The bad-loan crisis in state-owned banks is exacting a toll on its staff, who have been offered the lowest-ever salary increase. The Indian Banks’ Association (IBA) has proposed an average pay increase of 2% to employees due to mounting non-performing loans and eroding profitability.
Following the wage revision talks between the IBA and United Forum of Bank Unions, employees have decided to protest by holding a demonstration and going on a two-day strike.
“IBA has offered 2% in the payslip component,” said S Nagrajan, head of the All-India Bank Officers’ Association. “There will be a demonstration on May 9 throughout the country, demanding a higher pay increase.”
The proposed increase covers basic salary and house rent allowance, among other components.
With the merger of six lenders with the State Bank of India, there are now 21 public sector banks in the country and they together employ about 8 lakh people.
Salaries of public sector bank employees are revised every five years and they are pending since November 1, 2017. The previous increase in salaries was agreed at an average of 15% in May 2015 and became effective from November 2012 (retrospectively).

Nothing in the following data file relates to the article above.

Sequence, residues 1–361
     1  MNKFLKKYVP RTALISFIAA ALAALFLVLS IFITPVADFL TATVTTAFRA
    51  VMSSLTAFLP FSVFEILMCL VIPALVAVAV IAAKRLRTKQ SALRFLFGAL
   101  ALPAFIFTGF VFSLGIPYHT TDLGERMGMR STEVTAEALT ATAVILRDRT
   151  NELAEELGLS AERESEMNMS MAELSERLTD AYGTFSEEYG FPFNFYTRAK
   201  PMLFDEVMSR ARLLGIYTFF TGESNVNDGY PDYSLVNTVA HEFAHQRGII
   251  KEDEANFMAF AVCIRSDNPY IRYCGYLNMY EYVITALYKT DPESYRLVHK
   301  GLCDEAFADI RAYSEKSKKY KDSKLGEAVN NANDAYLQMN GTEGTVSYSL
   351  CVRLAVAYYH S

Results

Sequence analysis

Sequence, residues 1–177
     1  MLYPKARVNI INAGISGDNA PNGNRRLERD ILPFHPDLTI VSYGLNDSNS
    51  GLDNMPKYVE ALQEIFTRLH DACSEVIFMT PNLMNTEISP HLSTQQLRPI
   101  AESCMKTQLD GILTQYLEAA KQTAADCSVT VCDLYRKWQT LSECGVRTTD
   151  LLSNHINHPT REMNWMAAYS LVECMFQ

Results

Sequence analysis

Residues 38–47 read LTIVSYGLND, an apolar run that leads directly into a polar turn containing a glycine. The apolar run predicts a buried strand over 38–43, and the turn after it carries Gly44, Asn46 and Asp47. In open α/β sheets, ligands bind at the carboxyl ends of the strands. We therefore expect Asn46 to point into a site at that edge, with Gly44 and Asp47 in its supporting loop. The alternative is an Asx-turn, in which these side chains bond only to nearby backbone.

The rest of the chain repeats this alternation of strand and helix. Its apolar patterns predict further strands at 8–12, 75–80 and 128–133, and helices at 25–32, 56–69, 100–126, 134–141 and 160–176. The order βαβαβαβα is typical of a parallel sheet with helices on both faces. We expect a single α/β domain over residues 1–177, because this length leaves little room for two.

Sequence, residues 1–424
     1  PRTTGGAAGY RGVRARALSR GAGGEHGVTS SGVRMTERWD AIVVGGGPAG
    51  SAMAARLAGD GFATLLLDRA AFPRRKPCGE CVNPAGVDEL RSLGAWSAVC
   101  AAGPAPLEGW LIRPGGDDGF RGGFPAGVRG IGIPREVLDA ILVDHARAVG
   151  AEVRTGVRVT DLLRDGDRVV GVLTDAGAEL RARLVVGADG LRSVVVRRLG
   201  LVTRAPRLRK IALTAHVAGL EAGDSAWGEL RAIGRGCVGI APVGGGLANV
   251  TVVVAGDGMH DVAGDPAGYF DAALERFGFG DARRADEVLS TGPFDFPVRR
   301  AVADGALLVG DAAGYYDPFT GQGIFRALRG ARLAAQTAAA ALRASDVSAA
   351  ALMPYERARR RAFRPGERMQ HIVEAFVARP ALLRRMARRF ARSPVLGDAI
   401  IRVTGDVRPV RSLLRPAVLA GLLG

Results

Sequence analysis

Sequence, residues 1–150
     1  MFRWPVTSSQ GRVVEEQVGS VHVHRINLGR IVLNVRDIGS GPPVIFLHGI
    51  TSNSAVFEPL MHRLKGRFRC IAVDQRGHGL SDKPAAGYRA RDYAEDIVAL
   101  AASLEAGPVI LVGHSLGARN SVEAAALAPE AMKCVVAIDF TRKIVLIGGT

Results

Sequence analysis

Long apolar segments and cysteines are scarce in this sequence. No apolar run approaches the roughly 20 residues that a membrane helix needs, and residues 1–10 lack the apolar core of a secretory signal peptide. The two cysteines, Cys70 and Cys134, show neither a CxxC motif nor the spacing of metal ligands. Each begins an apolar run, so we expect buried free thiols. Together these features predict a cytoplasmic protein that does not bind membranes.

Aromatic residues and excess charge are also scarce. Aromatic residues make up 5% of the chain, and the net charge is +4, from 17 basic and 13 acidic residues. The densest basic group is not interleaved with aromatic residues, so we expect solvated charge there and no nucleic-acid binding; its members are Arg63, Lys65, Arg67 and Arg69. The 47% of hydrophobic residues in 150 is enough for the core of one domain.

Pay increases depend on the profitability of state-owned banks.
While the operating profit of public sector banks was almost Rs 1.52 lakh crore against provisioning and probation of about Rs 1.7 lakh crore, in the book of banks it was shown as a loss in 2016-17.
“We are not being given a wage rise because of higher NPAs,” said Nagrajan. “Banks are not coming up with reasonable offers. It is absolutely not acceptable.”
(Source: The Economic TImes)